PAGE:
Academy: War Won't Stop Oscar Ceremony
It may not be convenient for Hollywood, but war with Iraq won't stop the 75th annual Oscars, the Academy of Motion Picture Arts and Sciences promised Monday.
President Bush on Monday night issued Saddam Hussein an ultimatum -- leave the country in 48 hours, or else -- increasing the likelihood that America will be at war when Hollywood rolls out the red carpet Sunday.
Prior to Bush's speech, a spokesman for the academy said the ceremony will still forge ahead, Reuters reports. "We're working diligently to get this show on the air Sunday," spokesman John Pavlik said. "We're cognizant of the situation and trying to keep our options open."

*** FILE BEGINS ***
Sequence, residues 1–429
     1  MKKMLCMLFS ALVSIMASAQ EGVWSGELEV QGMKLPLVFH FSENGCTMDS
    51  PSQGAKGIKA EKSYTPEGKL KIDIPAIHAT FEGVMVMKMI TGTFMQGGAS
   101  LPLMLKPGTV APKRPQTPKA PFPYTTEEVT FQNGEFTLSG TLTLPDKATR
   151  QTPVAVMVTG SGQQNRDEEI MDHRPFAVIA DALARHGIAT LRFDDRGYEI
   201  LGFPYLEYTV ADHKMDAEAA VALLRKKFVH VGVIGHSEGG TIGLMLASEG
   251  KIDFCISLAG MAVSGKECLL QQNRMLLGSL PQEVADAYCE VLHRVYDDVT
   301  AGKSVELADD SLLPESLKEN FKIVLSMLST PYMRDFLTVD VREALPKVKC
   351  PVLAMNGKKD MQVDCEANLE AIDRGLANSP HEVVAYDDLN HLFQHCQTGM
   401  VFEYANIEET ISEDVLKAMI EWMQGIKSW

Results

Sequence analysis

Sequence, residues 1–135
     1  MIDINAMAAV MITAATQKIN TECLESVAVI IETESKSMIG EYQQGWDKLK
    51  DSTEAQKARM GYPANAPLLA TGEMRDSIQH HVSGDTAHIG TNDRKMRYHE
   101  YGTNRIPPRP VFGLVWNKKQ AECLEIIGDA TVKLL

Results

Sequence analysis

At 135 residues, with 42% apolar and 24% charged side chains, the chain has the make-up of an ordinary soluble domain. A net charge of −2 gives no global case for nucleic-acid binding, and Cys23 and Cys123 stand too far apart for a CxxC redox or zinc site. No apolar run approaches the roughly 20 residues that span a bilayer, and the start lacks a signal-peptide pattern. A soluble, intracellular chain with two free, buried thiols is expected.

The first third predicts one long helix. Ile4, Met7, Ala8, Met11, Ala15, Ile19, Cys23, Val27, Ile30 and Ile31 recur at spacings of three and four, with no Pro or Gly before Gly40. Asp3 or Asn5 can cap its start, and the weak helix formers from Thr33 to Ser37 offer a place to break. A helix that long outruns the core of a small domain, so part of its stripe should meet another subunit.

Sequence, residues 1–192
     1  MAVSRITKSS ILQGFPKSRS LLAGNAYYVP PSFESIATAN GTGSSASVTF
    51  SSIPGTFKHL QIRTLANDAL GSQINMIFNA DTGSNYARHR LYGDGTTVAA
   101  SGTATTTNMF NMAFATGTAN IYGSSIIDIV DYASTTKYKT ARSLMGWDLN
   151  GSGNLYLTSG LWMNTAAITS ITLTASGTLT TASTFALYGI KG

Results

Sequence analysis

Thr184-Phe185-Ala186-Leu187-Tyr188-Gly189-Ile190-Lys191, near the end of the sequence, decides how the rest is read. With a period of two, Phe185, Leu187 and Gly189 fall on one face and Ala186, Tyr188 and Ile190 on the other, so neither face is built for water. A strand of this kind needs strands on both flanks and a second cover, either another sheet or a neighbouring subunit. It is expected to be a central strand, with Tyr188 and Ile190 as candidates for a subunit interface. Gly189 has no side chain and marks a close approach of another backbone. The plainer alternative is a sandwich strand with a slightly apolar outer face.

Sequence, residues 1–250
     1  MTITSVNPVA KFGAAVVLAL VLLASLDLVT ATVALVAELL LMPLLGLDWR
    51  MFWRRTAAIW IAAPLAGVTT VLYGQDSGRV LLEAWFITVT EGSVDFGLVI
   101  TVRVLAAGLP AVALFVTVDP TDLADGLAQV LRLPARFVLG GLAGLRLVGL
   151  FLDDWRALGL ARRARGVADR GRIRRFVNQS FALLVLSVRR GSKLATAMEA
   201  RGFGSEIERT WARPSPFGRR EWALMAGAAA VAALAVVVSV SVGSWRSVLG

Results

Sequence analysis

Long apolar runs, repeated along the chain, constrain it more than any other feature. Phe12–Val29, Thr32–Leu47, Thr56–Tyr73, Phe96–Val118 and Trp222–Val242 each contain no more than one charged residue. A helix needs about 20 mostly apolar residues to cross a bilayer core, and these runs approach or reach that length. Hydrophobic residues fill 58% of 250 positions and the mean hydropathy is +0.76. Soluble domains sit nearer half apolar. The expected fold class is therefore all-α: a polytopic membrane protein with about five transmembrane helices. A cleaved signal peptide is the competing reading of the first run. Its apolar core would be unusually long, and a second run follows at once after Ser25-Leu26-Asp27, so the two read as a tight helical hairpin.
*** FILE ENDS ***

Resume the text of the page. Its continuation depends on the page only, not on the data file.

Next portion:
Television broadcasts of the Oscars have been delayed twice, once in 1968 and again in 1981. The event was also postponed in 1938.
As certain as the academy seemed to be, the major television networks scrambled to draw up contingent plans in the event of an attack. Given Bush's timeline, some of the programming that could be interrupted (not to mention inconsequential) includes FOX's "American Idol," CBS's "Survivor," and that network's coverage of the NCAA men's college basketball tournament.
How exactly each network will handle coverage is not clear at this point, though a good deal of it depends on when -- and if -- a war actually begins.
"I'd love to say we have a well-executed plan, but we don't," an unnamed TV veteran tells Reuters. "It becomes apparent after a while of trying to figure it out that you just can't."
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